I’m in the middle of a crazy busy couple of weeks right now with traveling over 20,000 miles in a little over a month. Consequently, my posts may be a little shorter than usual for a while. But one post that I’ve been meaning to get out for some time is my review of Jay Dicharry’s Anatomy for Runners, which I think should be on the bookshelves of every older runner or multisport athlete out there. Because time is of the essence in my life right now, I’ll keep this review short and sweet. Continue reading
As I noted in a recent post, I’ve been building up my running mileage recently. Now suddenly I voluntarily underwent a procedure on my left foot that has me in an Aircast boot for the next week with a gradual recovery to running. Best of all, I get to repeat it all in three weeks on my right foot. Why the heck would I do this? The answer: I want to race better and with less pain in 2015. Continue reading
For about the last six months, I’ve been trying to keep an eye on my training a little more closely. One trick I’ve found invaluable is to create a weekly narrative of my training that’s part of– but also separate from– the rest of my training data. Here’s how I’ve been doing it. Continue reading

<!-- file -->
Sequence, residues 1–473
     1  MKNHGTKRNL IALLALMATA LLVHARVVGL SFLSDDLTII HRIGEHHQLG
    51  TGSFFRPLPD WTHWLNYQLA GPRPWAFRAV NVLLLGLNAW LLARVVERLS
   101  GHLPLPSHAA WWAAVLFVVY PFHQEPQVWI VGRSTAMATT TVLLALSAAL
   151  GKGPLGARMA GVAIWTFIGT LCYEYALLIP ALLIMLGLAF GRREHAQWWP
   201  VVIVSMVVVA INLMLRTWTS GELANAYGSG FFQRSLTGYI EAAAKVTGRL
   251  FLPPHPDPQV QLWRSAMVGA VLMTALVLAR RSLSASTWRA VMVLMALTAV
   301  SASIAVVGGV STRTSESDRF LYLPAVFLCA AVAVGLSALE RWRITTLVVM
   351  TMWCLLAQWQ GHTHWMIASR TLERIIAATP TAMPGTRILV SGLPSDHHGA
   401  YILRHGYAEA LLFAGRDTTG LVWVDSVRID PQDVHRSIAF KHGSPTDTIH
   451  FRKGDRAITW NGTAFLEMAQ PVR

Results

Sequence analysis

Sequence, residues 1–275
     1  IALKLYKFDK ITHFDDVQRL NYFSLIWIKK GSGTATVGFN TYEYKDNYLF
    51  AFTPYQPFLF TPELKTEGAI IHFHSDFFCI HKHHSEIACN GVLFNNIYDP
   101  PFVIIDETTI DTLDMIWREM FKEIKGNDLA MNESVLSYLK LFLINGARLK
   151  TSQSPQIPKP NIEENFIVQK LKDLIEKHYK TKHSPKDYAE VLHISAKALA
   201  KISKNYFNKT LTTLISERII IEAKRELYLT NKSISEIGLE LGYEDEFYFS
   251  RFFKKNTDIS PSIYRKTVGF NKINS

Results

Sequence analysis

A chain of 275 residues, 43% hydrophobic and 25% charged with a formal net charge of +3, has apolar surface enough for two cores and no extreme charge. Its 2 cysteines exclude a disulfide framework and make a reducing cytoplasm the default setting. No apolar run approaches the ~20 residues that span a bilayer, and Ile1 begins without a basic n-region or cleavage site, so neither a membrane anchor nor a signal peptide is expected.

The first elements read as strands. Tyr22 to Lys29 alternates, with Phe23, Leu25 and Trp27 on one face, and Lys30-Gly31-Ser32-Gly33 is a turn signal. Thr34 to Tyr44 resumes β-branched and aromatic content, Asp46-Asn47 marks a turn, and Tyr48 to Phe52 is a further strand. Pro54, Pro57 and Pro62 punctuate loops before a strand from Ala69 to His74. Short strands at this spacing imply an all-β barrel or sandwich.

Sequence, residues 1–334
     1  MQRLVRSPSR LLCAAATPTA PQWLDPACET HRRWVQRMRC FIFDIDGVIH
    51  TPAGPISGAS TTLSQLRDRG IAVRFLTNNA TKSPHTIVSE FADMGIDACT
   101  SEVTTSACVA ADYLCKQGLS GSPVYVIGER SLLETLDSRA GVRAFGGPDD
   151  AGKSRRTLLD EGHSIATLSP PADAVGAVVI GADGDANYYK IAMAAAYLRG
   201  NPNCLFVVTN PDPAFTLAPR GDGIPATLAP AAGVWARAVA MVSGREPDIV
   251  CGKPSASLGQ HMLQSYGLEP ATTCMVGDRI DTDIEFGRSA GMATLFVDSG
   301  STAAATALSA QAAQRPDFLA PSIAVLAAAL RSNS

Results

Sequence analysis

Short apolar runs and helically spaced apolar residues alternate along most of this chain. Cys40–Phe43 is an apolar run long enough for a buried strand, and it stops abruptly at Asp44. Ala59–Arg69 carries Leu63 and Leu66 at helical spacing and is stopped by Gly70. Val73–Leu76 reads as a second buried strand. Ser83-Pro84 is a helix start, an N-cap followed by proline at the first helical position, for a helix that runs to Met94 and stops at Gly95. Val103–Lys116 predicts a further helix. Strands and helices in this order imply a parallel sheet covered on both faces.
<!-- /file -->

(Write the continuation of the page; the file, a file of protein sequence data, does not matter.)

Apparently, I did a lousy job at choosing my parents. Sorry mom and dad, but the genes you gave me left me with a tendency to naturally develop high levels of LDL cholesterol. As we all know, this is a bad thing. My cardiologist originally recommended over and again that I should be on statins, which I dreaded because of their effect on athletic performance. Here’s what I did instead. Continue reading
Last weekend, I spent some time in Medford, NJ and took one reasonably long run (about 10 miles). Running here is completely different from my home in Seattle. Here’s a quick update of my adventure. Continue reading
A couple of weeks ago, I started shifting over to a more polarized training pattern. Here’s a quick update on how it’s been going. Continue reading
A few months ago, I blogged about CEP Clone compression gear. Compression garments are what most runners and duathletes think of when they hear term “compression.” Technically, it’s “passive compression” because it’s just a garment that isn’t doing anything “active” to remove lymph and improve circulation. There’s another much faster form of compression called “active compression” made famous by companies like Normatec, which makes compression gear that cost about as much as a pair of high-end Zipp race wheels. Being a cheapskate, I found a cheaper alternative.